Operations Research (OR) is a scientific method of providing a quantitative basis for decision making.
Operations Research as we know it today is primarily an out-growth of military research in World War II that sought optimal ways to allocate scarce resources. This included questions such as "How should patrol aircraft be deployed to maximize the expected number of enemy submarines detected in a limited number of hours of search?" and "How should a limited inventory of spare parts be distributed among units in the field, advance depots, and distribution warehouses to minimize equipment down-time due to parts shortages?" At the end of the war, most operations researchers moved into industry, where similar questions in budgeting, planning, marketing, decision-making, and other aspects of management were in need of answers.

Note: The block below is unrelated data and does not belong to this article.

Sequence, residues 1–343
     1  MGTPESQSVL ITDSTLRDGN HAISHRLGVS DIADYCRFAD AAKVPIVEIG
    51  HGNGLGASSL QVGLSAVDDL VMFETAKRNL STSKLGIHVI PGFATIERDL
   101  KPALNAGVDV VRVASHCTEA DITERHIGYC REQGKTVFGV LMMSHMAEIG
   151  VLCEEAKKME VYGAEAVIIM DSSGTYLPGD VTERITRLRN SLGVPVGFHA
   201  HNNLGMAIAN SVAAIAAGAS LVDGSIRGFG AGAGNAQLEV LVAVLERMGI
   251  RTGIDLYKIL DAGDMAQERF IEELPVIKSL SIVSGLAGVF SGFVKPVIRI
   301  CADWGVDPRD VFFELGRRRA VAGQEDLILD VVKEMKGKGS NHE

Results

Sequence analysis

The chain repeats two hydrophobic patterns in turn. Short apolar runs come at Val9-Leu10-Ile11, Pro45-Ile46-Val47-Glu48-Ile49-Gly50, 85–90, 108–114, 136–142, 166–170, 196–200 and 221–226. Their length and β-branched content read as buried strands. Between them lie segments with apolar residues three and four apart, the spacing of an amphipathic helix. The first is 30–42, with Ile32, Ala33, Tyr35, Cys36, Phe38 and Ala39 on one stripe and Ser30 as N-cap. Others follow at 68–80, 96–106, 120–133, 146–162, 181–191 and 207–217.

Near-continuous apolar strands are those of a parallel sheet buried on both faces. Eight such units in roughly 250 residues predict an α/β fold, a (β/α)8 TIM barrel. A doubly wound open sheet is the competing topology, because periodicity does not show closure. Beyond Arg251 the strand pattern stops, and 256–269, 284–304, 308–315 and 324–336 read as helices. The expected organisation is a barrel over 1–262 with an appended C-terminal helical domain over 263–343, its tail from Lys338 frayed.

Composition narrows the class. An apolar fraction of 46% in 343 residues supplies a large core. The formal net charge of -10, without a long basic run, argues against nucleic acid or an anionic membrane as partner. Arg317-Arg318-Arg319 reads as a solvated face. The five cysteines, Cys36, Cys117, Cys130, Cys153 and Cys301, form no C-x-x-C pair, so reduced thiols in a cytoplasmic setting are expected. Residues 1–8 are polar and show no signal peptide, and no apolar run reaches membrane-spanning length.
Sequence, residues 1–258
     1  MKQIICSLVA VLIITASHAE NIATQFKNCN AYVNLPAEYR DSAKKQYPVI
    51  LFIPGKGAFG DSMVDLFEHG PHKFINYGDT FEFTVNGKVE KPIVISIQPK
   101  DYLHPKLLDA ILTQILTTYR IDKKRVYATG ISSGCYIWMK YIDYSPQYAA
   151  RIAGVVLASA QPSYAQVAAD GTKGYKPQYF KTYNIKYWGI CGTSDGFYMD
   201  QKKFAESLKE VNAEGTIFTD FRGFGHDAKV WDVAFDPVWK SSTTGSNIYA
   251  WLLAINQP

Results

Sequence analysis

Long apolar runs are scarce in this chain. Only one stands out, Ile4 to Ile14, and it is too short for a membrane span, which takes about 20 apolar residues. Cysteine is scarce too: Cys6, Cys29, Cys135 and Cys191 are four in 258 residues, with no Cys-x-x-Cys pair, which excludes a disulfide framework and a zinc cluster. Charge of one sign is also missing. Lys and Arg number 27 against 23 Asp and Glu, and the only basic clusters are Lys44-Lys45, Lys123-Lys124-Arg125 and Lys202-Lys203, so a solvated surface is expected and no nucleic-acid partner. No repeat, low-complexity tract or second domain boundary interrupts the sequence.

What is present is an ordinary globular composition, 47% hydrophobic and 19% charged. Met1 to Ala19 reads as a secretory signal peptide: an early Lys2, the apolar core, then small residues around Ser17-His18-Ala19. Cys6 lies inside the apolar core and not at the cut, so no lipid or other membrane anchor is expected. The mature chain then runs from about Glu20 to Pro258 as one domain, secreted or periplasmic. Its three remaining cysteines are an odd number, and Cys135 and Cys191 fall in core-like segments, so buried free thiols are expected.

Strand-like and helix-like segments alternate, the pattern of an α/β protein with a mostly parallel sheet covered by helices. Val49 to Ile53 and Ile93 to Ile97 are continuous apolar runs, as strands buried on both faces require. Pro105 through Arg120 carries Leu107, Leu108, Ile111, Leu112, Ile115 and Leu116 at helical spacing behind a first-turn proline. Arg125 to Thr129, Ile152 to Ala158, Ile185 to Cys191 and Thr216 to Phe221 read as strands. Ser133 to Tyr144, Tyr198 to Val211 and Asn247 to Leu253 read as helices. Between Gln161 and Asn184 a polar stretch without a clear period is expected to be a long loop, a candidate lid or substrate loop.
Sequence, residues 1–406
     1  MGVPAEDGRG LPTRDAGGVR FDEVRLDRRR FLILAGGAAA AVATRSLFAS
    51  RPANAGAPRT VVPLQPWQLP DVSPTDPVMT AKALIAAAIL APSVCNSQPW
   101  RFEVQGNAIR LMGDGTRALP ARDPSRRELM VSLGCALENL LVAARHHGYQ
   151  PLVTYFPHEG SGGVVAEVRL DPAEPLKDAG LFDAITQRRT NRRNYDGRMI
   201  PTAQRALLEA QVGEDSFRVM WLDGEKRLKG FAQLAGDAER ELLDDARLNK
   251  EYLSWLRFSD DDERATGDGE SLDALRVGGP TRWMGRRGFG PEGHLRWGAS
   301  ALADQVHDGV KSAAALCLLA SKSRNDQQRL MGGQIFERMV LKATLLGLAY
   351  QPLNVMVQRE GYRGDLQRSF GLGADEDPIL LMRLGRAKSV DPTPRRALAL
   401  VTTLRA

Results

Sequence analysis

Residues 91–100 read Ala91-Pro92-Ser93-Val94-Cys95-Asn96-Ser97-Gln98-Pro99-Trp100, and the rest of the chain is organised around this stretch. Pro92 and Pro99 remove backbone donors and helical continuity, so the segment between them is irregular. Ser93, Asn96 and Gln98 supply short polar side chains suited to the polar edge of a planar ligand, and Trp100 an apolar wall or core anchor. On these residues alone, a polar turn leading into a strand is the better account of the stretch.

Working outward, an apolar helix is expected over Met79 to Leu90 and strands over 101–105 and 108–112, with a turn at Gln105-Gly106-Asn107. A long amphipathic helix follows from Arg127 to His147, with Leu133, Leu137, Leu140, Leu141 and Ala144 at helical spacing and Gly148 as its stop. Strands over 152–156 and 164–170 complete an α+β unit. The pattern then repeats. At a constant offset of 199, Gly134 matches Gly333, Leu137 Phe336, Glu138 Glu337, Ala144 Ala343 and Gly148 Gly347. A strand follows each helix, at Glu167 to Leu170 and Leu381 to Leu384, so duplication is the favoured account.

What should one study in college?
The major mathematical tools of OR are vector calculus, linear algebra, differential and difference equations, probability, statistics, and computer programming. Other courses particularly relevant to this field include number theory, abstract algebra, graph theory and combinatorics. Still other relevant courses may be given in or outside of the mathematics department, e.g., linear programming, control theory, integer programming, dynamic programming, game theory, and queuing theory, as well as computer science courses and simulation.
An individual with a bachelor's degree in mathematics and an applied science minor can possibly obtain direct employment in operations research, but a master's degree in OR is the credential preferred by most employers. A good working knowledge of economics, finance, and organization theory is also valuable, and that is something that a mathematics undergraduate can pursue, perhaps as a minor.
Careers in Operations Research, by the Institute for Operations Research and the Management Sciences (INFORMS)